(Bloomberg) — Italian Prime Minister Giuseppe Conte made it clear to the country’s corporate elite that he’ll be calling the shots more often in a pandemic-stricken economy.
Conte and cabinet members showed up in force over the weekend at a gathering of financial and company leaders on the shores of Lake Como in northern Italy. Meanwhile, many executives and investors stayed away or sent deputies as a surge in coronavirus cases put a damper on the event.
“At this moment, the state cannot just be a referee,” Economic Development Minister Stefano Patuanelli said at the Ambrosetti Forum in Cernobbio. “The great transformation of production arrangements must be directed by significant public governance that sets the guidelines.”
Giuseppe Conte in Naples on Feb. 27.
Photographer: Alessia Pierdomenico/Bloomberg
Conte’s response portends a partial reversal of a privatization drive promoted by Mario Draghi when he was the Treasury’s top civil servant in the early 1990s. Drawing often on Cassa Depositi e Prestiti SpA, a state-backed lender recently endowed with more than 40 billion euros ($47 billion) to buy companies, Conte is expanding state intervention in everything from highways and digital infrastructure to the stock exchange and steel.
Read More: One Legacy of Coronavirus Is a Return to Activist Government
While government has always had a sizable role in an economy that has struggled with stagnation and a lack of competitiveness for a quarter-century, the resources at Conte’s disposal leave no excuse for failure. The risk is that money will be spent on propping up failed businesses rather than modernizing the economy.
“The state has shown it’s often unsuccessful in managing companies,” Giuseppe Pasini, CEO of steelmaker Feralpi Siderurgica SpA, said at Cernobbio. He cited Italy’s repeatedly bailed-out airline: “Look at Alitalia.”
Still, the lineup of Conte and seven cabinet ministers was a display of the power shift in Italy’s economy. The premier has boosted veto powers on foreign investments, meddled in company decisions and considered nationalizations as the virus pandemic upended the economy this year.
Read More: Conte Revives Big Government Spirit in Virus-Battered Italy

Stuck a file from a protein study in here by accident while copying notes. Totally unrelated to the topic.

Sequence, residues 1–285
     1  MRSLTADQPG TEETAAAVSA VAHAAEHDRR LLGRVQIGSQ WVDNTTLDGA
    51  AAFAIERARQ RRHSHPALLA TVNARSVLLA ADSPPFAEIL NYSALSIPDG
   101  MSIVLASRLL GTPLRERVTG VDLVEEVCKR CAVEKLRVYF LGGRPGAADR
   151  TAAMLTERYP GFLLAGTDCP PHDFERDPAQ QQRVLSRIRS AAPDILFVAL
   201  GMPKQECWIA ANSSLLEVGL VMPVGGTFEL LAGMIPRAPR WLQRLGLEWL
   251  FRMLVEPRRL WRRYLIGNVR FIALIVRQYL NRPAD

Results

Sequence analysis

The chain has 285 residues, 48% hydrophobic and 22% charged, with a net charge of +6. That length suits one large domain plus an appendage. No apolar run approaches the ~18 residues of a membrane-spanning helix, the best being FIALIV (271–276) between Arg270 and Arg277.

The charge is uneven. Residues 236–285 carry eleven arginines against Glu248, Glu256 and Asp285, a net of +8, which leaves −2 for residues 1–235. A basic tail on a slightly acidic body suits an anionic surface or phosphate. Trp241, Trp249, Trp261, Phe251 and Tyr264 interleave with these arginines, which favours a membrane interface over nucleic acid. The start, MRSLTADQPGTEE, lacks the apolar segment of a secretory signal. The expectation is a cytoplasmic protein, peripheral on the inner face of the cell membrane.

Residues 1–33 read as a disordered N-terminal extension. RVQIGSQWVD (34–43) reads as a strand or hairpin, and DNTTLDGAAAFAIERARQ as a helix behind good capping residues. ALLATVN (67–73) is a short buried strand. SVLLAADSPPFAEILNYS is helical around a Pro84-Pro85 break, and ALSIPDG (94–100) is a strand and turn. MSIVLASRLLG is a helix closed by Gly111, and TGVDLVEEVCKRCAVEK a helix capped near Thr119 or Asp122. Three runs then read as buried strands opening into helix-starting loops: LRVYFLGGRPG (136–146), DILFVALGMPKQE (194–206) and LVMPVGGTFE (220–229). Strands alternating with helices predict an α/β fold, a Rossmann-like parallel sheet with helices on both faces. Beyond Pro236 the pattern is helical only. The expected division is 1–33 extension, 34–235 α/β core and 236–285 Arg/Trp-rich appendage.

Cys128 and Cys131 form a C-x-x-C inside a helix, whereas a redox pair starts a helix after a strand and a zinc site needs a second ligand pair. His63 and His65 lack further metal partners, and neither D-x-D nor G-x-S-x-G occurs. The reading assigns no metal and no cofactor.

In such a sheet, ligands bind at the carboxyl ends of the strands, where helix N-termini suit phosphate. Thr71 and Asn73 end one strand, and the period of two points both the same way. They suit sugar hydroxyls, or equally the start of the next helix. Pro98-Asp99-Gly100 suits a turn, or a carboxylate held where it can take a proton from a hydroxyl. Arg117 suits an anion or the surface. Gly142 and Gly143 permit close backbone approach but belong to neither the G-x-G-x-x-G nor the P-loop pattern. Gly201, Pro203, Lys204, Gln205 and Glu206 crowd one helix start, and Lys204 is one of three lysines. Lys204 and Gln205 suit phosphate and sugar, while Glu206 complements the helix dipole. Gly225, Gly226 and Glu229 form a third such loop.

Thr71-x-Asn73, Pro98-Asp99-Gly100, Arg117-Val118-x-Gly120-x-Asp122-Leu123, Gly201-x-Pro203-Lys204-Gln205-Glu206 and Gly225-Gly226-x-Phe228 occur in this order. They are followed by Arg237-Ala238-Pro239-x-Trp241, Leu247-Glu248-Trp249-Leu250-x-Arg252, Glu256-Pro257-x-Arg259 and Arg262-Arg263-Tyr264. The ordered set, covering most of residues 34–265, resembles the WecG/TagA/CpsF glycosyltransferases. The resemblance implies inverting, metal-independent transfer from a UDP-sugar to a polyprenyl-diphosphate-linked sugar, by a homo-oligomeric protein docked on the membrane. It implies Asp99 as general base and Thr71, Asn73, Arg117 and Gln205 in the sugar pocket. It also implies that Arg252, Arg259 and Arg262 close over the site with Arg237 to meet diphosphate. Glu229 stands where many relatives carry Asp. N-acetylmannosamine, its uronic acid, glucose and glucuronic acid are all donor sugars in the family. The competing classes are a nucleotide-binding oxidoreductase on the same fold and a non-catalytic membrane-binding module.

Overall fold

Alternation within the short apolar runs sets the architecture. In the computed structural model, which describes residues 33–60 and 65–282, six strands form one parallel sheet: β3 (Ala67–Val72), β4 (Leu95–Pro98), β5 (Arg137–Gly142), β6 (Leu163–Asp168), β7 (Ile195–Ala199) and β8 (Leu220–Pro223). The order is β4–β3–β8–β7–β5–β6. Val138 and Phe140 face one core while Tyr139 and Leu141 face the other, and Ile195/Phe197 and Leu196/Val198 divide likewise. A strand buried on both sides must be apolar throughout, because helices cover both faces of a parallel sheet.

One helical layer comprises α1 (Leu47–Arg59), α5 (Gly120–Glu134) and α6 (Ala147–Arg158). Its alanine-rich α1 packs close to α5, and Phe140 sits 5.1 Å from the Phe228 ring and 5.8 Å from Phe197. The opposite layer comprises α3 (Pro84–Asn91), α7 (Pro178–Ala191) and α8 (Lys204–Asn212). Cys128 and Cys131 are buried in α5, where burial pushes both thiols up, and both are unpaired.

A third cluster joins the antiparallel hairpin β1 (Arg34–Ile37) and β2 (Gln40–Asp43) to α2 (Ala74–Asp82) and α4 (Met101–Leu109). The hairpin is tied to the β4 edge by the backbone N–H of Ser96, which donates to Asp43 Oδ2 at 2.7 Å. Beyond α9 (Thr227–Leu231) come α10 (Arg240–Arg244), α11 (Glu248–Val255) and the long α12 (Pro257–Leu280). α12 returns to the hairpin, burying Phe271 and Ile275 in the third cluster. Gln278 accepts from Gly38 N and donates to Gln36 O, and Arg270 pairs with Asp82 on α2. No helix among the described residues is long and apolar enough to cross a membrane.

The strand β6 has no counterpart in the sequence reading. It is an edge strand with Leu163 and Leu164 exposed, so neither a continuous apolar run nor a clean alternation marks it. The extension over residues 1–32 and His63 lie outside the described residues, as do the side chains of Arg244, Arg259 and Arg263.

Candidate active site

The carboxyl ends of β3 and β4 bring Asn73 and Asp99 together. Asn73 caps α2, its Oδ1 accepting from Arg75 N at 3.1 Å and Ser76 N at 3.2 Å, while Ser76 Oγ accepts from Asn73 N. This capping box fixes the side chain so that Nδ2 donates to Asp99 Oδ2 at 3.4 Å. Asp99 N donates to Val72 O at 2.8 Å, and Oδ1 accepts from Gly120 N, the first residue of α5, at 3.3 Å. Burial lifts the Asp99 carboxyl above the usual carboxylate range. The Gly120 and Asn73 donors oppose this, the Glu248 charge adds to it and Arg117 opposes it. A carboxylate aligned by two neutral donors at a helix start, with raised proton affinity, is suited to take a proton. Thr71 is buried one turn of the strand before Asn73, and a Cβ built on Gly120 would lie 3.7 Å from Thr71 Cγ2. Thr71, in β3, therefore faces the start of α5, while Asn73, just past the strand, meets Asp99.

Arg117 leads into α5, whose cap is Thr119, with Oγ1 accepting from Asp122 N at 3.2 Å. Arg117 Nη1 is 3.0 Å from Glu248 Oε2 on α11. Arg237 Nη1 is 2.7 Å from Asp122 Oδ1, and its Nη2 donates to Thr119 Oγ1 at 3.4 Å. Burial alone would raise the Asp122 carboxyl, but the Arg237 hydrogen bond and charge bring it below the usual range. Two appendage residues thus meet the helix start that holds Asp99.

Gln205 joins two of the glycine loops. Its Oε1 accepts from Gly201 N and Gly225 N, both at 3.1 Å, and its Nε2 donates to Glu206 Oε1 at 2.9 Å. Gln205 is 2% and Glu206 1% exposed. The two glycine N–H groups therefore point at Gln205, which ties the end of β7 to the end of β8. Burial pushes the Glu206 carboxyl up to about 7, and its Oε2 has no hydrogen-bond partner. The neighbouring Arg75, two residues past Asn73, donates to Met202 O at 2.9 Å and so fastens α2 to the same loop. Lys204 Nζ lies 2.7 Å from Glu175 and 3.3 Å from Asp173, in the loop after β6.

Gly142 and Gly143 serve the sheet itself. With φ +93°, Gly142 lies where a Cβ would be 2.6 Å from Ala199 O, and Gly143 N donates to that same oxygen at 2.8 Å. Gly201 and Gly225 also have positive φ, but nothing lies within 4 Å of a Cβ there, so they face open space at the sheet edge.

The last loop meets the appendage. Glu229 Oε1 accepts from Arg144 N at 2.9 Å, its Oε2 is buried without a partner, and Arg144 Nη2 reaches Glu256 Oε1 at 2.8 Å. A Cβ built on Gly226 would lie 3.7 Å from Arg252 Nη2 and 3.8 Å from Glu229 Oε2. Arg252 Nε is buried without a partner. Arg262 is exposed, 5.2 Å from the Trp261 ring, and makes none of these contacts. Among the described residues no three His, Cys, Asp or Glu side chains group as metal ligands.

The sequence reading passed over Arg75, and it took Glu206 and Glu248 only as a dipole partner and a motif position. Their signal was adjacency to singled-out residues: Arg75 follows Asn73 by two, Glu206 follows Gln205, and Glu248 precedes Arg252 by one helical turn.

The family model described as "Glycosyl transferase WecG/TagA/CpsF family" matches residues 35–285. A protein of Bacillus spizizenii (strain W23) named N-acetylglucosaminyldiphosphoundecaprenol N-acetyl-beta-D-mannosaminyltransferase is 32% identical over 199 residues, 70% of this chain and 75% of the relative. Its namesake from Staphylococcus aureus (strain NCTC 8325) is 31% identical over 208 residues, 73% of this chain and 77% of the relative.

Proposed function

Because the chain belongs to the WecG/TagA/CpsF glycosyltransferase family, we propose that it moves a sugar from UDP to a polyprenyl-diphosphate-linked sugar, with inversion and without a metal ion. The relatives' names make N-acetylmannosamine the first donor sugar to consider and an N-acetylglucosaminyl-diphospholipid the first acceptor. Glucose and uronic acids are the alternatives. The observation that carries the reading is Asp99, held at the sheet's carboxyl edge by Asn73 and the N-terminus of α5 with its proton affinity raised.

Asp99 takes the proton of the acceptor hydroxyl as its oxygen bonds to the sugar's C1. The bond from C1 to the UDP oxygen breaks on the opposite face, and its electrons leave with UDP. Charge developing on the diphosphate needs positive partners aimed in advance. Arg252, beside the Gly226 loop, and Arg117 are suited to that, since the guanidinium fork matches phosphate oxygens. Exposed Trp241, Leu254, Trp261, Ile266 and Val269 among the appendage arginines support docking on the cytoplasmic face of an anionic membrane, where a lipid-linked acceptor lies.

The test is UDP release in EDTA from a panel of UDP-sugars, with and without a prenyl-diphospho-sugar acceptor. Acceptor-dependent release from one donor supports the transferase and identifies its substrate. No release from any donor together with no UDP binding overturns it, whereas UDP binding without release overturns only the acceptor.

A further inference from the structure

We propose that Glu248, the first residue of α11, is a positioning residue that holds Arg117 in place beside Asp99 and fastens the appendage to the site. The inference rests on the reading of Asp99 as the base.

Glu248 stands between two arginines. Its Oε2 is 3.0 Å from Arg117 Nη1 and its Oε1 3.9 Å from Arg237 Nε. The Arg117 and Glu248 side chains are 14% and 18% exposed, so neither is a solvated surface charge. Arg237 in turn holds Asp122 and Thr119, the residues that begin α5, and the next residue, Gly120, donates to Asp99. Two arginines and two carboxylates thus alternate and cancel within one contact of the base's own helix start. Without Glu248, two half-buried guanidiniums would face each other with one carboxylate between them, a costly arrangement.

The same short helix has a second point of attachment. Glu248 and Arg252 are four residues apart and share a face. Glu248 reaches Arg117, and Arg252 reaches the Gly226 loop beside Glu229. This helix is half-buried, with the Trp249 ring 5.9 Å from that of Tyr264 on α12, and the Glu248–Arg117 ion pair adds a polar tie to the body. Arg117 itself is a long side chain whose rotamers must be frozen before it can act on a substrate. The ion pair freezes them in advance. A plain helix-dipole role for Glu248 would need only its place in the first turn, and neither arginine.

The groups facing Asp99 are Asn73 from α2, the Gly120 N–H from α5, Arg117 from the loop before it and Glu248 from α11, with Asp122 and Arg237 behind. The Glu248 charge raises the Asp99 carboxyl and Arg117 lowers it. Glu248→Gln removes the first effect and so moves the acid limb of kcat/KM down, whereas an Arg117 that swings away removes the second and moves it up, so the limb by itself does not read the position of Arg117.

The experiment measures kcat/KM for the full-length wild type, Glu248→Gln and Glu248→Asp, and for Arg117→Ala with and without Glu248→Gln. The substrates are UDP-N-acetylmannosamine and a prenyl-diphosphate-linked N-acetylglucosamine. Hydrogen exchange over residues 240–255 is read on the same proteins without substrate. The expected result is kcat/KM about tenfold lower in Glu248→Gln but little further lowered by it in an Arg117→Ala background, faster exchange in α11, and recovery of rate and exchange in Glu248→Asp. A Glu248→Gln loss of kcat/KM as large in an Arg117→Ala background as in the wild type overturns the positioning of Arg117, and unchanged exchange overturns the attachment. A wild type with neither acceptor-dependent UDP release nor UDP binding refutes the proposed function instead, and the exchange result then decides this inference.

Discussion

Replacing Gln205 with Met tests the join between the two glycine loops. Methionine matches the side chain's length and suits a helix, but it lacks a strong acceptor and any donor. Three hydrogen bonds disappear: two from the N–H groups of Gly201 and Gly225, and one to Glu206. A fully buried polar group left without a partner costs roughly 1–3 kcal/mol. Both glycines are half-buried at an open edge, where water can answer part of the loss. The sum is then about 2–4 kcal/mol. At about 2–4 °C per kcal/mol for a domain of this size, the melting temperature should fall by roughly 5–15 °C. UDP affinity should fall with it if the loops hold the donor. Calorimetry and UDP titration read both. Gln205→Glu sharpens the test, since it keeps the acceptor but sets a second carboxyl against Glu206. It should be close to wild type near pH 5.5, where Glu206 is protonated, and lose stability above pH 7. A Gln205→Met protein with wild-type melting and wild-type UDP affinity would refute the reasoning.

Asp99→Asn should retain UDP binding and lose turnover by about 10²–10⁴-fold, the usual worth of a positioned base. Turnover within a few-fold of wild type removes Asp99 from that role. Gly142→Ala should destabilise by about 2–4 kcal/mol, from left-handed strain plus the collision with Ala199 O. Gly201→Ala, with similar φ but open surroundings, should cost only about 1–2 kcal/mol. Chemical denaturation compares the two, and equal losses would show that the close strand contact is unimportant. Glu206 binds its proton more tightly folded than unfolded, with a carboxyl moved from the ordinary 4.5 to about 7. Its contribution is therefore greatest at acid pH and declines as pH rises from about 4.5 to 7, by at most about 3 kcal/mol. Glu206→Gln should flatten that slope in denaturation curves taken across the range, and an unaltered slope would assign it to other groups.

Conte and his ministers can take some pride in their crisis management. Italy imposed one of Europe’s harshest lockdowns and now has a better grip on infections than countries such as France and Spain. Finance Minister Roberto Gualtieri predicted a stronger-than-forecast rebound for the third quarter.
Emergency measures to support companies, jobs and incomes “were decisive to enabling the Italian economy to restart, as is happening now,” Gualtieri said in an interview on Sunday.
A 209 billion-euro boost from the European Union, thanks in part to joint debt issuance that Italy has long advocated, will also help.
Read Finance Minister Gualtieri’s Exclusive Interview in Cernobbio
Perhaps most important, Gualtieri plans to set a “significant” target for reducing Italy’s debt, betting that faster growth will succeed where fiscal belt-tightening by his predecessors failed.
That would assuage investor concern that the sustainability of Italy’s debt — expected to rise to more than 150% of gross domestic product this year — won’t be entirely reliant on further European Central Bank asset purchases.
Cushioning the blow of the pandemic might have been the easy part. Conte now faces the formidable challenge of trying to revive the economy of an aging and divided country.
“Italy has colossal structural problems,” said Riccardo Illy, chairman of Polo del Gusto, a portfolio of food ventures owned by his coffee-roaster family. “We have enormous debt which stops us from investing, unless we have EU funds. And we have a bureaucracy which makes any initiative slower or impossible.”
While Illy is looking for the government to back out of the economy again after the crisis, most are still trying to figure out Conte’s plans.
“We’ve been waiting for years for an industrial strategy from the government,” said Alex Lasagna, deputy CEO of Algebris Investments UK LLP. “It would be important to understand where we’re going and who’s doing what.”
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